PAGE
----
Newly anointed Secretary of State for Culture, Media and Sport, Sajid Javid, has taken a lot of stick on multiple fronts over the last few weeks, having taken up the post after the resignation of Maria Miller on the 9th April. He has been attacked by influential members of the cultural community for his alleged lack of passion for, or knowledge of, the arts, as well as for being “out of touch” on his refusal to regulate second hand ticket sales. Perhaps he didn’t do himself any favours exposing his less than highbrow cultural tastes when choosing an unremarkable portrait of Margaret Thatcher as the artwork for his Whitehall office and admitting that he was an avid Star Trek fan, though it is arguably a little unfair to expect him to be an art aficionado…he is a politician after all.
Sajid Javid could be an exciting prospect for the Conservative party given his working class background as the son of a bus driver who arrived from Pakistan with only a pound in his pocket. Conservative MP Nick Bowles went as far as to describe Javid as the “archetype of the British dream”; a self-made man who lifted himself out of social immobility and into a high powered career in investment banking. Indeed, his CV is impressive but it is not enough to convince us that he will make a good Culture secretary, only his actions can do that.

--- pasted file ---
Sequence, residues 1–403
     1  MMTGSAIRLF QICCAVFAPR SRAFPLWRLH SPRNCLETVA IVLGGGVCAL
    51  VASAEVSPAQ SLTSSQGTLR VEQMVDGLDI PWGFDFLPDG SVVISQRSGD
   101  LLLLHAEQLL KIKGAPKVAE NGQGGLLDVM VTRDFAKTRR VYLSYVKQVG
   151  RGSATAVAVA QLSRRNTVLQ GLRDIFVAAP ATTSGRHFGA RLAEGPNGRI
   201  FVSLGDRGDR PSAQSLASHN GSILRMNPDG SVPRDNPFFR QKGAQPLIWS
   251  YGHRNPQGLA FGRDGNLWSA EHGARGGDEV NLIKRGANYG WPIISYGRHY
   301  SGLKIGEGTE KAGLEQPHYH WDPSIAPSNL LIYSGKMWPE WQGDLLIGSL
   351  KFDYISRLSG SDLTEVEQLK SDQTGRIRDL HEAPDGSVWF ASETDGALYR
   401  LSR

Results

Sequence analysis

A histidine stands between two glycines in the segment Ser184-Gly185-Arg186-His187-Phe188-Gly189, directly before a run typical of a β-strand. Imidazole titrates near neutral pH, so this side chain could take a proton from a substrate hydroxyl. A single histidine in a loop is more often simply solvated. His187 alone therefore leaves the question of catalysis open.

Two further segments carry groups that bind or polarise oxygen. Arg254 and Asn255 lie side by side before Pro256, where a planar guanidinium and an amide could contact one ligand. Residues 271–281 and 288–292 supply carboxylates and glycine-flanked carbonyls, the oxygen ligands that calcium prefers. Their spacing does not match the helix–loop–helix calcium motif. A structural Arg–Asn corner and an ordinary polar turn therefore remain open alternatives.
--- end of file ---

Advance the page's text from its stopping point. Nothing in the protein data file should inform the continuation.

Polly Toynbee’s comment piece for the Guardian argued that this attack on Javid’s cultural credentials is perhaps unfair and might be construed by the public as the elitist arts community suggesting that “the mysteries of the arts are not for the uninitiated”. Time will tell on Sajid Javid’s ability to do the job, and just as far as his working class ethnic minority background does not necessarily make him right for the job, his banking career and love of sci-fi does not necessarily mean he is wrong for it. Perhaps we should take Polly Toynbee’s advice and give him the benefit of the doubt, whether he is a “Star Trek loving philistine or not”.
He was formerly Head of Policy at the Society of Trust and Estate Practitioners (STEP). With degrees in history and economics from the Universities of Oxford and London, Jake is a Fellow of the Royal Society of Arts, a trustee of the European Association of Philanthropy and Giving and advises several governments on public policy. He also advises clients on CSR and philanthropy activities.
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